Here the opamp is configured as a typical comparator, so we can assume that the opamp will instantly start comparing the instantaneous voltage levels of these two superimposed waveforms the moment these appear or are applied to its inputs.

* ** *In order to enable the opamp to implement the required sine wave PWMs correctly at its output, it's imperative that one of the signals has a much higher frequency than the other. The slower frequency here is the one which is supposed to be the sample sine wave which needs to be imitated (replicated) by the PWMs.

Ideally, both the signals should be sinewaves (one with a higher frequency than the other), however the same can be also implemented by incorporating a triangle wave (high frequency) and a sine wave (sample wave with low frequency).

As can be seen in the following images, the high frequency signal is invariably applied to the inverting input (-) of the opamp, while the other slower sinewave is applied to the non-inverting (+) input of the opamp.

In a worst case scenario, both the signals can be triangle waves with the recommended frequency levels as discussed above. Still that would help you to achieve a reasonably good sinewave equivalent PWM.

**The signal with the higher frequency is termed as the carrier signal, while the slower sample signal is called the modulating input.**

### Creating an SPWM with Triangle wave and Sinewave

Referring to the figure above, we can clearly visualize through plotted points the various coinciding or overlapping voltage points of the two signals over a given time span.

The horizontal axis signifies the time period of the waveform, while the vertical axis indicates the voltage levels of the two simultaneously running, superimposed waveform.

The figure informs us regarding how the opamp would respond to the shown coinciding instantaneous voltage levels of the two waveforms and produce a correspondingly varying sine wave PWM at its output.

The procedure is actually not so difficult to imagine. The opamp simply compares the fast triangle wave's varying instantaneous voltage levels with the relatively much slower sinewave (this can also be a triangle wave), and checks the instances during which the triangle waveform voltage may be lower than the sine wave voltage and responds by instantly creating high logic at its outputs.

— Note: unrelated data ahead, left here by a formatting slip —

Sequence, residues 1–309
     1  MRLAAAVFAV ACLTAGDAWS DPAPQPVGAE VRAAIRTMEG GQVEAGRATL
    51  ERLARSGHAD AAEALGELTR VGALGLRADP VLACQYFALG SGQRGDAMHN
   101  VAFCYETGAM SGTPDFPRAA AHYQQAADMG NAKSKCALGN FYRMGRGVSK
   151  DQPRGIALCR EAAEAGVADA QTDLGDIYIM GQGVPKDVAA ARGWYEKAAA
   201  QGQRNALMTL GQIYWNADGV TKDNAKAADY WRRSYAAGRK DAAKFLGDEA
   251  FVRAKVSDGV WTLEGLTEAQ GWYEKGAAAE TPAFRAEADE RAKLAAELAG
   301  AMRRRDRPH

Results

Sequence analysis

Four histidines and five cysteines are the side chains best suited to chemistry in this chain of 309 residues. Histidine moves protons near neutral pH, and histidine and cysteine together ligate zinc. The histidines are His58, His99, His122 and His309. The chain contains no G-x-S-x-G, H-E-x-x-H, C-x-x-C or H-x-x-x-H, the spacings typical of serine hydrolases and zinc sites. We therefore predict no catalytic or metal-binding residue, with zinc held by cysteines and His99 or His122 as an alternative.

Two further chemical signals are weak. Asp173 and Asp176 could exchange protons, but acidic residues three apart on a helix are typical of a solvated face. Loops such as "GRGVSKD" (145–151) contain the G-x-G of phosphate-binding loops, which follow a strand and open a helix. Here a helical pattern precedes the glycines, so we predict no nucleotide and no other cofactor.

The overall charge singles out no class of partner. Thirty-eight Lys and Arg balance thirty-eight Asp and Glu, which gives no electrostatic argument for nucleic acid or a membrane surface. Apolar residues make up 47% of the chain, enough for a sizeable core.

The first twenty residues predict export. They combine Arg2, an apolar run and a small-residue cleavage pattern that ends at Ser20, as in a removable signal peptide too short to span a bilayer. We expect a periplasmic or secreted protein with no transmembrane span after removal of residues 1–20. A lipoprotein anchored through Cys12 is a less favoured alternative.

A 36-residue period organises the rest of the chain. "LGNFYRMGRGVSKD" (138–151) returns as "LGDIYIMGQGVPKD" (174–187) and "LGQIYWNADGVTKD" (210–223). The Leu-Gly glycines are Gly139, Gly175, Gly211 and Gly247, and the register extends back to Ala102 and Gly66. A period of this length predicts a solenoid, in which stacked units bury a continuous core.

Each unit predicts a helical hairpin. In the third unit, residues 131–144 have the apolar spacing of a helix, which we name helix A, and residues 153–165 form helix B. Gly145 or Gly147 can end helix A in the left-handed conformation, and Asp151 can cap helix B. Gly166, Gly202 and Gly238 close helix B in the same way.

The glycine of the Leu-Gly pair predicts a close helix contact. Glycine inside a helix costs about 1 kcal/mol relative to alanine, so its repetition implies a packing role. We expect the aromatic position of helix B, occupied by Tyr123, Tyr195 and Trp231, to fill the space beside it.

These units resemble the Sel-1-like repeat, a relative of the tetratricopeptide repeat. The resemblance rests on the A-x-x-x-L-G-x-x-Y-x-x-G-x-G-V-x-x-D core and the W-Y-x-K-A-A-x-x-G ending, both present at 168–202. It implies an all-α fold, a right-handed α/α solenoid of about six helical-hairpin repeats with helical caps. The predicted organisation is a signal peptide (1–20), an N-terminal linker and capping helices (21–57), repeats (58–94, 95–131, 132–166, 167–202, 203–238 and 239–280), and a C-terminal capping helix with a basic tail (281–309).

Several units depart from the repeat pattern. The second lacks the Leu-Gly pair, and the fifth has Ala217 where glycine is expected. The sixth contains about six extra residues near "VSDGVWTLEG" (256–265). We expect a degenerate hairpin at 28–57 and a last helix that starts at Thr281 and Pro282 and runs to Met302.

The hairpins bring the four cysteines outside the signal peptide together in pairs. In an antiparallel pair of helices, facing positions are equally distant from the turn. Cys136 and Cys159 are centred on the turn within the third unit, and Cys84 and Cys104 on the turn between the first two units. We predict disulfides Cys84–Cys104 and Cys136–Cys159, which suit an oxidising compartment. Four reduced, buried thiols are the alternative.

This is sustained as long as the triangle wave potential continues to be below the sine wave potential, and the moment the sine wave potential is detected to be lower than the instantaneous triangle wave potential, the outputs reverts with a low and sustains until the situation reverts.

This continuous comparison of the instantaneous potential levels of the two superimposed waveforms over the two inputs of the opamps results in the creating of the correspondingly varying PWMs which may be exactly the replication of the sine waveform applied on the non-inverting input of the opamp.

### Opamp Processioning the SPWM

The following image shows the slo-mo simulation of the above operation:

Here we can witness the above explanation being implemented practically, and this is quite how the opamp would be executing the same (although at a much fater rate, in ms).

The upper figure shows a slightly more accurate SPWM depiction than the second scrolling diagram, this is because in the first figure I had the comfort of the graph layout in the background whereas in the second simulated diagram I had to plot the same without the help of the graph coordinates, therefore I might have missed a few of the coinciding points and therefore the outputs looks a little inaccurate compared to the first one.

Nevertheless, the operation is quite evident and distinctly brings out how an opamp is supposed to process a PWM sine wave by comparing two simultaneously varying signals at its inputs as explained in the previous sections.

Actually an opamp would process the sine wave PWMs much more accurately than the above shown simulation, may be a 100 times better, producing a extremely uniform and well dimensioned PWMs corresponding to the fed sample. sinewave.